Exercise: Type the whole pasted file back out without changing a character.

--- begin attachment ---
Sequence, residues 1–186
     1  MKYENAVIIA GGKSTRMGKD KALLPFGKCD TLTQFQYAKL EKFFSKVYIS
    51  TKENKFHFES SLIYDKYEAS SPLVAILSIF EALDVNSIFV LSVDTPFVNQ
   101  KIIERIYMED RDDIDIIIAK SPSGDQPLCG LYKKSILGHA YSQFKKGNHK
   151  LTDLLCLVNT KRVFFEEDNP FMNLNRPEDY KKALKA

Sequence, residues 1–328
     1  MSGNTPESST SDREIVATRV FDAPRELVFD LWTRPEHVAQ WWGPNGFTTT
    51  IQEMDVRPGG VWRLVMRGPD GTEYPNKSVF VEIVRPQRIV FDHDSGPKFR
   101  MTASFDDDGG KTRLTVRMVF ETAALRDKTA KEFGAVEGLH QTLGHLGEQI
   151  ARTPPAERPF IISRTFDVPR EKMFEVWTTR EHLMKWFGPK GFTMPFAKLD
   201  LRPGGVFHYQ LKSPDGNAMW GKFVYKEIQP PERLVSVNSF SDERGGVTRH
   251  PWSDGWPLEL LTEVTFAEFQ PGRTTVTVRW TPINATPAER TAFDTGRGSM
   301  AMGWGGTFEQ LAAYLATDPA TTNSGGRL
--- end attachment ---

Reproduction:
Sequence, residues 1–186
     1  MKYENAVIIA GGKSTRMGKD KALLPFGKCD TLTQFQYAKL EKFFSKVYIS
    51  TKENKFHFES SLIYDKYEAS SPLVAILSIF EALDVNSIFV LSVDTPFVNQ
   101  KIIERIYMED RDDIDIIIAK SPSGDQPLCG LYKKSILGHA YSQFKKGNHK
   151  LTDLLCLVNT KRVFFEEDNP FMNLNRPEDY KKALKA

Sequence, residues 1–328
     1  MSGNTPESST SDREIVATRV FDAPRELVFD LWTRPEHVAQ WWGPNGFTTT
    51  IQEMDVRPGG VWRLVMRGPD GTEYPNKSVF VEIVRPQRIV FDHDSGPKFR
   101  MTASFDDDGG KTRLTVRMVF ETAALRDKTA KEFGAVEGLH QTLGHLGEQI
   151  ARTPPAERPF IISRTFDVPR EKMFEVWTTR EHLMKWFGPK GFTMPFAKLD
   201  LRPGGVFHYQ LKSPDGNAMW GKFVYKEIQP PERLVSVNSF SDERGGVTRH
   251  PWSDGWPLEL LTEVTFAEFQ PGRTTVTVRW TPINATPAER TAFDTGRGSM
   301  AMGWGGTFEQ LAAYLATDPA TTNSGGRL